In To The Shadows; Portugal 1933-1974 (Lisboa: A Cidade Vista de Fora, 1933-1974), first published by Editorial Presenca in Portugal in November 2013, tells the stories of the colourful array of international personalities who came to the city of Lisbon (Portugal) during the one of the most controversial periods in its modern history – the period of the Estado Novo - 1933-1974.
This is the story of the city as told through the eyes of those people who witnessed it at first hand. Exiled kings and queens, spies, diplomats, world leaders, refugees, film stars and celebrities of the day offer their unique perspectives on the city of light (cidade da luz).
Leaders such as Dwight Eisenhower, General Franco, the Kennedy’s, Richard Nixon, Anthony Eden, Eva Peron and diplomats of the highest order including, George F. Keenan. European royalty such as the Queen Elizabeth II, the Duke & Duchess of Windsor, the Duke of Kent, King Juan Carlos of Spain, Humberto II of Italy, King Carol of Romania and the most glamorous of all, Princess Grace of Monaco.
From Hollywood - Maureen O’Hara and Claude Reins (were shooting the first Hollywood movie to be made in Lisbon), and honeymooners Laurence Olivier and Vivien Leigh, and Ingrid Bergman.
Artists include, Marc Chagall, Max Ernst and Salvador Dali, as well as writers, Arthur Koestler and Christine Garnier.
From amongst the world of spying and espionage the list includes Kim Philby and James Bond’s creator, Ian Fleming.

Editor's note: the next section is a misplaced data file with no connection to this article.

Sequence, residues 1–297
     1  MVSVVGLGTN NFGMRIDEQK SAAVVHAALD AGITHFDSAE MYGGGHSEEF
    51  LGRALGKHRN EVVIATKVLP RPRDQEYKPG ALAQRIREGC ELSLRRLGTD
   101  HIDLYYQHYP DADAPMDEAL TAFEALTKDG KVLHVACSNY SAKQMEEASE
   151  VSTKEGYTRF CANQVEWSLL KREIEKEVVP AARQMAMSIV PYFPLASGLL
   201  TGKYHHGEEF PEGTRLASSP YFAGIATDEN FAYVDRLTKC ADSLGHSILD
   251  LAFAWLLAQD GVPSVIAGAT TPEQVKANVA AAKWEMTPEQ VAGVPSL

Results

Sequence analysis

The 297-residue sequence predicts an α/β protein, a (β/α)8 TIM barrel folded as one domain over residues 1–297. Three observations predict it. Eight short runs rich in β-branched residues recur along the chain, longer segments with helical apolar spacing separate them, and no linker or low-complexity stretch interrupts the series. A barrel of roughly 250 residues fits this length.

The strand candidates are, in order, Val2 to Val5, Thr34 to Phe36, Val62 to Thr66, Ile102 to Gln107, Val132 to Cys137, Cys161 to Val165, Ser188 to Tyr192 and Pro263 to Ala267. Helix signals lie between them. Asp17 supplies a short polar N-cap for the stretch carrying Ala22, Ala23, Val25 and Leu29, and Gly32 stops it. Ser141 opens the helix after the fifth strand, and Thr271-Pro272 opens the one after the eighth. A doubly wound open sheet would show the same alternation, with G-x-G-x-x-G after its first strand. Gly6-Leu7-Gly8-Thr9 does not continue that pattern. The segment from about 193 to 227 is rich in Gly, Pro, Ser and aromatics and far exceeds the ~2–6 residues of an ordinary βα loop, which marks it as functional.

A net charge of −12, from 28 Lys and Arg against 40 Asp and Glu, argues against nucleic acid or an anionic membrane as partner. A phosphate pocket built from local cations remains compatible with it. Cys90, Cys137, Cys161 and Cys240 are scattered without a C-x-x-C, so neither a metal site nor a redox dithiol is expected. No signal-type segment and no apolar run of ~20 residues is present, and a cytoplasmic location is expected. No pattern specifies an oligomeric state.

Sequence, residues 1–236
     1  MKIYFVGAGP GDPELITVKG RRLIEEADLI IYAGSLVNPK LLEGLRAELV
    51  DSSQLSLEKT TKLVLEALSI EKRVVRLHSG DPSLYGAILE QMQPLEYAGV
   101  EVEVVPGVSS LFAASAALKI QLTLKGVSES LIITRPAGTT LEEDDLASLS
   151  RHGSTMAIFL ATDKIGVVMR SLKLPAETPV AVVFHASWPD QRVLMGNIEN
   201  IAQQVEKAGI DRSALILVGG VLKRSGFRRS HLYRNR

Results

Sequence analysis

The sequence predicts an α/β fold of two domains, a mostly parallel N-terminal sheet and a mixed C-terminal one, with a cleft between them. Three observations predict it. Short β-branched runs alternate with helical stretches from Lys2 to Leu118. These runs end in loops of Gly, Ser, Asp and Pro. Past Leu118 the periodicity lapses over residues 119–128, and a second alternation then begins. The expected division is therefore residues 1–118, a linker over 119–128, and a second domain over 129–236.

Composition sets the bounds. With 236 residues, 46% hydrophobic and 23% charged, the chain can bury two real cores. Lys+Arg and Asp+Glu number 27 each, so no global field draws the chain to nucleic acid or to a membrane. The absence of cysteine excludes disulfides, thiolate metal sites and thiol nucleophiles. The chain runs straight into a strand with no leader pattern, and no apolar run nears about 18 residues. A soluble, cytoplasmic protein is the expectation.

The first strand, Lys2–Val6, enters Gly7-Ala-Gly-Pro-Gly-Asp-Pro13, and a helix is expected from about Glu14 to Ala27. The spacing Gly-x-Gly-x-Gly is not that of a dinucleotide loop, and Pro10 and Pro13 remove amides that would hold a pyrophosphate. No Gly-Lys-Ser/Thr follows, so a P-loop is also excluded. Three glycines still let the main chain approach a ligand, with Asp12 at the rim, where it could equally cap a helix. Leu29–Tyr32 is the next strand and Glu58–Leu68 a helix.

Some only stayed in the city for a short time while others chose to make Lisbon their permanent home. Some came by choice, while circumstances such as war, forced exile and necessity left others with little choice but to flee to Lisbon and from there onto the new world.
The presence of this rich tapestry of people in the city was not a coincidence, rather a reflection of the continued importance of Europe’s most westerly capital city during this time. The book charts the passage through the decades, from the Spanish Civil War, through World War II, the onset of the Cold War, the formation of NATO and its base in Lisbon, up to the early stages of Decolonisation and highlights the seemingly contradictory story of a country becoming more isolated diplomatically while at the same time attracting the most famous and most influential and affluent international personalities of the era.
The real star of the book, however, remains the city of Lisbon, the centre of which remained relatively unchanged between 1933 and 1974. The centrality of Lisbon’s importance to events in Europe remains one the last best-kept secrets of 20th century history.
For those readers who believe that Lisbon’s contribution to the world stopped at the passing of the Age of Portuguese Exploration, the contents of this book might come as something of a surprise.
Outside Looking In - Lisboa; a Cidade Vista de Fora, 1933-1974, is published by Editorial Presenca in Portugal in November 2013.